Cancer risks in Lynch syndrome, Lynch-like syndrome, and familial colorectal cancer type X: a prospective cohort study

Colorectal Cancer
25/05/2020

Bucksch K, et al. BMC Cancer 2020.

ABSTRACT

BACKGROUND: Individuals with pathogenic germline variants in DNA mismatch repair (MMR) genes are at increased risk of developing colorectal, endometrial and other cancers (Lynch syndrome, LS). While previous studies have extensively described cancer risks in LS, cancer risks in individuals from families without detectable MMR gene defects despite MMR deficiency (Lynch-like syndrome, LLS), and in individuals from families fulfilling the Amsterdam-II criteria without any signs of MMR deficiency (familial colorectal cancer type X, FCCX) are less well studied. The aim of this prospective study was to characterise the risk for different cancer types in LS, LLS, and FCCX, and to compare these with the cancer risks in the general population.

METHODS: Data was taken from the registry of the German Consortium for Familial Intestinal Cancer, where individuals were followed up prospectively within the framework of an intensified surveillance programme at recommended annual examination intervals. A total of 1120 LS, 594 LLS, and 116 FCCX individuals were analysed. From this total sample, eight different cohorts were defined, in which age-dependent cumulative risks and standardised incidence ratios were calculated regarding the first incident occurrence of any, colorectal, stomach, small bowel, urothelial, female breast, ovarian, and endometrial cancer, separately for LS, LLS, and FCCX.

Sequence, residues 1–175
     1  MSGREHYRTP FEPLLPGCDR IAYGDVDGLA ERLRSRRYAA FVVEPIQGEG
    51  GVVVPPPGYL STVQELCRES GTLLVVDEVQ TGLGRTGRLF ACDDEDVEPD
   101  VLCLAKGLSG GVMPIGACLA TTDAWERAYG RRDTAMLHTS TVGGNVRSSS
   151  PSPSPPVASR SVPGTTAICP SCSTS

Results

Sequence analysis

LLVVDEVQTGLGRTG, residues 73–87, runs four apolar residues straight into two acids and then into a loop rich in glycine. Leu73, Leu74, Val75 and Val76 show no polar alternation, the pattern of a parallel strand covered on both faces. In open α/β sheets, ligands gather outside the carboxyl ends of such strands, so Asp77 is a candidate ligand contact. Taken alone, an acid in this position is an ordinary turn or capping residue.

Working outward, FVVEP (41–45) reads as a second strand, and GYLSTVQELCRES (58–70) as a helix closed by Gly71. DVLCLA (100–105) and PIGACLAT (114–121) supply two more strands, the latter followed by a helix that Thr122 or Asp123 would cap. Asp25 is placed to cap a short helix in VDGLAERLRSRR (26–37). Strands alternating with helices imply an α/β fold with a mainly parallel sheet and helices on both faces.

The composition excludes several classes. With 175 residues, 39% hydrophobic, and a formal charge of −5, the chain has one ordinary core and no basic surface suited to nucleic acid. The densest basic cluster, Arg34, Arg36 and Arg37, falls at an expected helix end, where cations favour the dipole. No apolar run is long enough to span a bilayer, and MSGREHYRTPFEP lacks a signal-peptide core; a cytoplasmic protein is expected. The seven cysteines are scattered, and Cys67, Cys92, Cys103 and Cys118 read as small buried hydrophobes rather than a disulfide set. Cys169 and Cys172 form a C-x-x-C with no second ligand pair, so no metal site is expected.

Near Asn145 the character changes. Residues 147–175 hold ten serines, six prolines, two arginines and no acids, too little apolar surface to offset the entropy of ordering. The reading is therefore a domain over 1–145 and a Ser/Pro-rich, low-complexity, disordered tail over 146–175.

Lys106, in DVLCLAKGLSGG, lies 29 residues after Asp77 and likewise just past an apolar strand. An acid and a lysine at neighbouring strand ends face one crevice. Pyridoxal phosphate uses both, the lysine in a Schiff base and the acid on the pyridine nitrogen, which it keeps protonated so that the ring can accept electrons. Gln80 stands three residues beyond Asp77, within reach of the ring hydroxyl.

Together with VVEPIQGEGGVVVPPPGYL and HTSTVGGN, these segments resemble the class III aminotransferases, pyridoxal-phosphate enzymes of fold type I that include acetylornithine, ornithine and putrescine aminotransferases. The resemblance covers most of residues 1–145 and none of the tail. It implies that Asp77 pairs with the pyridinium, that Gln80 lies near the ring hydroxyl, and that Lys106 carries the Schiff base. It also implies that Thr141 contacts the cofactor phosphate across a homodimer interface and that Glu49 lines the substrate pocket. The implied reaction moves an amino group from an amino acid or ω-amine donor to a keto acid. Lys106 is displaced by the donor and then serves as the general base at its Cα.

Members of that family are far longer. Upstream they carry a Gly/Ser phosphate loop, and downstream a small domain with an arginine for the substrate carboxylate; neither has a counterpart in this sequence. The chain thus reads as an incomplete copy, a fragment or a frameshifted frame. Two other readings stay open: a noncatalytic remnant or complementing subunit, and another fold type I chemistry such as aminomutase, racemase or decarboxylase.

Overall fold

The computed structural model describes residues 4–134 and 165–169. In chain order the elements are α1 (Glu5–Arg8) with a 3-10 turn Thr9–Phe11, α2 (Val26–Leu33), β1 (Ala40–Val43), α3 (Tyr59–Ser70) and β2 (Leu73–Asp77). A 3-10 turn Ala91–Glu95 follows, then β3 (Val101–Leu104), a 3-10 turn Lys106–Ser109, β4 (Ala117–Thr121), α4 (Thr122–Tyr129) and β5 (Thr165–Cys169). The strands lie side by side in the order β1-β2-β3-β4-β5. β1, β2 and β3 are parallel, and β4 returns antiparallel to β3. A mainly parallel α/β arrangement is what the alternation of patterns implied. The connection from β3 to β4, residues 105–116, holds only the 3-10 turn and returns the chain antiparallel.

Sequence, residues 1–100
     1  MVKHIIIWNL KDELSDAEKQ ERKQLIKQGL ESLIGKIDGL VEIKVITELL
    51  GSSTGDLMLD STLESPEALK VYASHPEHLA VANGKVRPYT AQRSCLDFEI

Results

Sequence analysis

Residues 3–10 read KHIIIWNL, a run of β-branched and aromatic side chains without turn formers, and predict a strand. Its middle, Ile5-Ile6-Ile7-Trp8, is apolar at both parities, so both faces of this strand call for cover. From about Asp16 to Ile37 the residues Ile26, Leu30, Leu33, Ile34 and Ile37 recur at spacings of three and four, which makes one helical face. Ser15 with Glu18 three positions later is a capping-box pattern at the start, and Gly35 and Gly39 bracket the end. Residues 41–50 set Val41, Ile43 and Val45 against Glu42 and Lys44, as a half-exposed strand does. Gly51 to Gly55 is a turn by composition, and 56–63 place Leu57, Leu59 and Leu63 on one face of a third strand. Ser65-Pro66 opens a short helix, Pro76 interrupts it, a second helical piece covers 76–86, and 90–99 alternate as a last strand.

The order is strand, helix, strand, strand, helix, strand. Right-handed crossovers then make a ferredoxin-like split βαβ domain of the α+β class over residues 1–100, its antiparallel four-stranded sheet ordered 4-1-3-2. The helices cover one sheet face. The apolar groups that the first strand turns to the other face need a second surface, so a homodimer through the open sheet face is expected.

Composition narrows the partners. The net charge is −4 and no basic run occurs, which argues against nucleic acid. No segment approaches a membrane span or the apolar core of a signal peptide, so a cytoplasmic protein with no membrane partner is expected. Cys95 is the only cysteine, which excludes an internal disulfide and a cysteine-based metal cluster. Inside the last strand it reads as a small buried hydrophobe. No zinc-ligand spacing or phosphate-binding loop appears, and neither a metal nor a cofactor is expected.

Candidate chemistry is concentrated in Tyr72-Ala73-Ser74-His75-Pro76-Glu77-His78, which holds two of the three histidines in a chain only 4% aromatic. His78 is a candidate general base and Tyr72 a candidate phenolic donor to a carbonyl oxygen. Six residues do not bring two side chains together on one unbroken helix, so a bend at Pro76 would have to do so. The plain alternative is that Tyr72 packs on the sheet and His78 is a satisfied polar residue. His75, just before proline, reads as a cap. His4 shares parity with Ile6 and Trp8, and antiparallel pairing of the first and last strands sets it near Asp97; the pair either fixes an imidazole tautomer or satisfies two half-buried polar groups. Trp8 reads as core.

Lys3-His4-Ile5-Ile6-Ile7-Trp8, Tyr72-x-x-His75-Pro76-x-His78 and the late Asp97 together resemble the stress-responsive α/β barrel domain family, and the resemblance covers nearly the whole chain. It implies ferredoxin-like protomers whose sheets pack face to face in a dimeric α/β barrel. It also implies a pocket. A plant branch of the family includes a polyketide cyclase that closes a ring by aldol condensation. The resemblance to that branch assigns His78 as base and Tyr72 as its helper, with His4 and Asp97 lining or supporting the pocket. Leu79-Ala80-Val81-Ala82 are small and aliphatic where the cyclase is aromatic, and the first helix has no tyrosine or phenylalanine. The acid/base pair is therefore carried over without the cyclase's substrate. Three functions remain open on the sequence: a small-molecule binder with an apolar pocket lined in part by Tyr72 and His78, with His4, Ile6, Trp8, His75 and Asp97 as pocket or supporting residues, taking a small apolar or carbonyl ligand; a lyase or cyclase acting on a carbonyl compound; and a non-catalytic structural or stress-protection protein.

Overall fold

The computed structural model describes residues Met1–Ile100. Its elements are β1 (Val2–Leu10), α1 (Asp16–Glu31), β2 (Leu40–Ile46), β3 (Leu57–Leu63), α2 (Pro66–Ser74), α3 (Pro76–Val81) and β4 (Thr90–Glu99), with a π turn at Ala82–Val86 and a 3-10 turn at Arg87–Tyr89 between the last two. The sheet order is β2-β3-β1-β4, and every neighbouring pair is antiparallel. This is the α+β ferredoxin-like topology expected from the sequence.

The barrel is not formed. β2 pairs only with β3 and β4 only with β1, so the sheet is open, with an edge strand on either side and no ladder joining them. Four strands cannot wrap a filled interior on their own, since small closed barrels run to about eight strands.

RESULTS: The number of individuals at risk for first incident cancer ranged from 322 to 1102 in LS, 120 to 586 in LLS, and 40 to 116 in FCCX, depending on the cancer type of interest. For most cancer types, higher risks were observed in LS compared to LLS, FCCX, and the general population. Risks for any, colorectal, stomach, urothelial, and endometrial cancer were significantly higher in LLS compared to the general population. No significantly increased risks could be detected in FCCX compared to LLS patients, and the general population. Colorectal and endometrial cancer risks tended to be higher in LLS than in FCCX.

CONCLUSIONS: The characterisation of cancer risks in patients with LLS and FCCX is important to develop appropriate surveillance programmes for these specific intermediate risk groups. Larger prospective studies are needed to obtain more precise risk estimates.